I'm still rocking a big Alienware 17x R3 with 580M so I have been eyeing the upgrade paths. But, I can't help but be very disappointed the "880M" is not Maxwell technology but just re-branded old stuff. I don't care if its 20% faster. I don't mind a carrying around a large laptop. I'm not a frail girl. Reply
  • JarredWalton - Wednesday, March 12, 2014 - link

    My guess is we'll see Maxwell GTX 890M or 885M or something during the summer months -- just in time for the back-to-school shopping. Reply
  • Freakie - Wednesday, March 12, 2014 - link

    Not only in time for back-to-school, but in time for Broadwell. The power improvements of Broadwell + Maxwell at the very high end will be an incredibly refreshing change in gaming-laptop battery life. Reply
  • willis936 - Wednesday, March 12, 2014 - link

    What's the timeframe for laptops showing up with these? A P34G with a GTX 860M (and hopefully a 16GB option) would be great before summer. Reply
  • bakedpatato - Wednesday, March 12, 2014 - link

    Couple of outlets are running pieces on the "New Razer Blade 14", it has a 3200 x 1800 touch screen and indeed does have a 870m while the Blade Pro indeed has a 860m Reply
  • jasonelmore - Wednesday, March 12, 2014 - link

    wtf the pro has a less powerful GPU in a much bigger chassis? Reply
  • jcompagner - Wednesday, March 12, 2014 - link

    So now we will get a many nice and light and thin 17" laptops?

    Currently the only 1 i can by in The Netherlands is the MSI Stealth. I don't know any other. So i guess i just have to wait until the refresh of the Stealth (that i guess will have a 8xxM in side it)

    But it would be nice to have way more options.. (for example a 17" with a resolution between 2k and 4k)
    Reply
  • Aikouka - Wednesday, March 12, 2014 - link

    Hm, I think the only disappointing factors are the use of Kepler and Maxwell parts (although not surprising) and the lack of distinguishing between the two architectures at the 860M level. However, I am looking forward to coverage of 860M (Maxwell) parts as I think that will finally be a good sweet spot for me. I have an aging gaming laptop (Dell M1530 with an M8600 GT), and I've grown very used to my ASUS Zenbook... especially its weight (or the lack thereof). So, I'm hoping for a (relatively!) light-weight laptop that has some decent gaming power under the hood. Reply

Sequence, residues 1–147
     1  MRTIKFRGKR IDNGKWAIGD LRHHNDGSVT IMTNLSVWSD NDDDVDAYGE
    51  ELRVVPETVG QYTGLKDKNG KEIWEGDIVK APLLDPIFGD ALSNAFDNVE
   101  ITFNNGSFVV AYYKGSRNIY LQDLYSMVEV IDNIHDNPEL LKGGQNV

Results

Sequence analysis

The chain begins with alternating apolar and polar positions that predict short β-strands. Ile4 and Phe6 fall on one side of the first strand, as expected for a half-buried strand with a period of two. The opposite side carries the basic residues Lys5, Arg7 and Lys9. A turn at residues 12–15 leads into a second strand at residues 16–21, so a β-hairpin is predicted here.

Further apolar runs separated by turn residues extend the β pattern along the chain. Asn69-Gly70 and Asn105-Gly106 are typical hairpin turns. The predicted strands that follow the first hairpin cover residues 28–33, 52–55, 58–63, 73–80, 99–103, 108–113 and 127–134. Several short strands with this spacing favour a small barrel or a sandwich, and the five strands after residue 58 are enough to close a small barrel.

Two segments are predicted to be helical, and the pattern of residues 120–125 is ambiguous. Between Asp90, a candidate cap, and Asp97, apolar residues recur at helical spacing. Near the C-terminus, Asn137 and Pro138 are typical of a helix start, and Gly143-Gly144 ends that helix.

• willis936 - Wednesday, March 12, 2014 - link

    Kepler? How about that Fermi SKU? They have to be blowing the dust off of some old chips to still be selling those. Really the most disappointing thing about the 800 series so far is the fact that there still is no word on desktop parts. As most people are saying they're likely waiting for TSMC 20nm. That is a long gap. The entire desktop gaming GPU cycle has been shifted half a year because of it. I can't imagine nvidia and amd expect to get "back on track" by releasing the 900 series parts a few months after the 800 series. Reply
  • schizoide - Wednesday, March 12, 2014 - link

    The 750Ti (and thus 860m) still doesn't match the 7870/660 class GPUs in current-gen consoles and thus isn't a really viable enthusiast gaming platform. The

    870m is a closer fit, and the 880m definitely does it, but those will be much more expensive. We're so dang close to xbone/PS4-class performance in mainstream laptops, it hurts.
    Reply
  • JarredWalton - Wednesday, March 12, 2014 - link

    You can't just look at the CUDA core counts -- the consoles are using AMD chips for one, and AMD shader cores have almost always been "slower" individually than NVIDIA shader cores. I suspect the GTX 750 Ti will give the PS4 and XBOne a run for the money in GPU performance. Couple it with a decent CPU and the only thing really holding us back on PCs is the OS and the need to support "infinity" different hardware configurations. Reply
  • schizoide - Wednesday, March 12, 2014 - link

    I'm not looking at core counts alone, all the various game tests have shown the 750Ti to be slower than the 7870 and the 660, which are roughly equivalent to current-gen consoles. Reply
  • MrSpadge - Wednesday, March 12, 2014 - link

    Only if you equate the next gen consoles with the PS4. The XBone (~HD7790) is about matched by GTX750Ti. Reply
  • rish95 - Wednesday, March 12, 2014 - link

    Are you sure? As far as I know, the 750 Ti outperforms the PS4 in Battlefield 4 and the XBone in Titanfall. Reply
  • jasonelmore - Thursday, March 13, 2014 - link

    it plays titanfall on medium settings @1080p 60FPS.. The Xbox One is using similar settings but only rendering at 760p then upscaled. So yes, it's faster if you dismiss variables like CPU and Platform performance.

    No real way to compare unless someone pops in a Steamroller cpu with 750 Ti
    Reply
  • rish95 - Thursday, March 13, 2014 - link

    While that would be nice to see, I don't think that's the point. The OP said the 750 Ti can't make for a viable gaming platform compared to current gen consoles, because it is "slower."

    Clearly it can. It's outperforming both consoles with some CPU/platform setups. The 860Ms in these laptops would likely be paired with i5s and i7s, which will yield much better CPU performance than the Steamroller APUs in the consoles.